The Walls Have Ears

The Walls Have Ears: Seán MacErlaine, Justin Caroll and Ernst Reijseger (Image: Ian Cudmore).

The Walls Have Ears

Cellist Ernst Reijseger was among the improvisers featured at Bottlenote collective's recent performance during the Dublin Fringe. Anna Murray attended one of the six improvisations, which took place in a dilapidated Georgian house.

On 7–9 September, for six performances, four of the country’s most innovative improvising musicians – Shane Latimer, Justin Carroll, Sean MacErlaine and Sean Carpio – plus the world-renowned Dutch improvising cellist Ernst Reijseger, occupied a dilapidated Georgian house in north Dublin city, while the audience was brought from room to room.

Titled The Walls Have Ears, and taking place as part of the Tiger Dublin Fringe festival, each space had not only its own sound, but its own atmosphere created by the artefacts of old lived-in spaces (fireplaces, crumbling plaster, creaky floorboards), enhanced with some anachronistic lighting by John Crudden. The music itself was not so much site-specific as site-responsive.

The first room contained Shane Latimer’s ambient guitar and electronics performance, which felt like a more systematic than creative exploration of his pedals and processes. It was a lukewarm beginning to the night but one of the more effective light installations (hanging icicle lights in shuddering patterns). Then upstairs to Justin Carroll’s intriguing keyboard performance, which built tiny timbal variations into simple repeated motifs, gradually expanding from warbling organ to rich synth washes. Following this was Sean MacErlaine on processed clarinet and vocals, one of the most engaging performers of the night. His performance felt like a partly planned improvisation in which he toyed with the relationship between his instrument and his voice through electronic processes; Sean Carpio’s felt like the most pre-composed performance, with distorted electric guitar and vocals.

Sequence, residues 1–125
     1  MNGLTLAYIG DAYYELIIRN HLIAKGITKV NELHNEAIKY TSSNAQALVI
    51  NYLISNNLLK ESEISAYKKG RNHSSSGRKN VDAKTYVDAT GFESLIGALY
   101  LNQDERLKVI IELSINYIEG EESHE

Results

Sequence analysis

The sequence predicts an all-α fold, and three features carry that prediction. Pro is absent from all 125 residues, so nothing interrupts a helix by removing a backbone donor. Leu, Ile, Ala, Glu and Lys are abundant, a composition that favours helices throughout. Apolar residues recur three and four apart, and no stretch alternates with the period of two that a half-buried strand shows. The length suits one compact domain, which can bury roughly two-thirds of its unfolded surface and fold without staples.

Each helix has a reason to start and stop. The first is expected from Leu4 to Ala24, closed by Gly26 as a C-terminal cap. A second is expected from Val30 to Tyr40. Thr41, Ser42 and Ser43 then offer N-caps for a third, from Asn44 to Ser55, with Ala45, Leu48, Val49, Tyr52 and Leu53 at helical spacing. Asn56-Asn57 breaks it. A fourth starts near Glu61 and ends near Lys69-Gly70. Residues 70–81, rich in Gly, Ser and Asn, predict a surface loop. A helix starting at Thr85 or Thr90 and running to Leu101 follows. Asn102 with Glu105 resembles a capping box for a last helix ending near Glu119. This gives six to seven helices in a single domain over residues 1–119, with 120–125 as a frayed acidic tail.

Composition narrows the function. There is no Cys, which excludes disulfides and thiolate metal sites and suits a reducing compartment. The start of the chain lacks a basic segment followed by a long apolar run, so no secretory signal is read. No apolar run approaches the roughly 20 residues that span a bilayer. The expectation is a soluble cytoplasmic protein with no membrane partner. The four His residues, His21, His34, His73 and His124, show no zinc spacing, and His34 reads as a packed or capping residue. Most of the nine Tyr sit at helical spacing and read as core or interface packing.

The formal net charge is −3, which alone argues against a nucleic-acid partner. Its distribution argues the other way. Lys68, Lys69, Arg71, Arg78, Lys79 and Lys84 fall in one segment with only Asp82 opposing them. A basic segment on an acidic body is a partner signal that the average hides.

Ernst Reijseger’s set was that of someone who embraces the need for theatre and physicality in performance. It was a sign of his utter conviction that his performance idiosyncrasies never seemed over the top; indeed it went a long way towards softening an audience whose engagement up to that point had not felt absolute.

Reijseger’s performance opened with him seated almost in the centre of the final room of the tour, spotlit so as to emphasise the impression of an emotionally distant performer. However, as his set progressed from beautiful eerie textures to fast and aggressive jazz and rock riffs, he brought the audience wholesale into his world. His flipping of the cello to play like a guitar in a short bluegrass song in the middle felt in this context like a logical realisation of this musical journey rather than something comical. The concert’s close saw him walk with his cello into the next room, bringing a bemused crowd with him, where he joined in a short collective improvisation with all the musicians of the night which saw him produce sounds by scraping his instrument on the floor, or bowing while spinning it on its spike as fast as it could go.

The event as a whole, though simple in its presentation, was a gradually immersive experience: the movement from performer to performer, and from room to room, slowly drew the listener away from the city outside and into the world of the players and artists that conceived it. It felt refreshing in its emotional honesty and immediacy, with no buffer of space or stage between you and the player. The passage through these temporary installations, in once-loved but now dilapidated rooms, gave an added significance to these musical moments that were never to be heard again.

Published on 15 September 2015

Anna Murray is a composer and writer. Her website is

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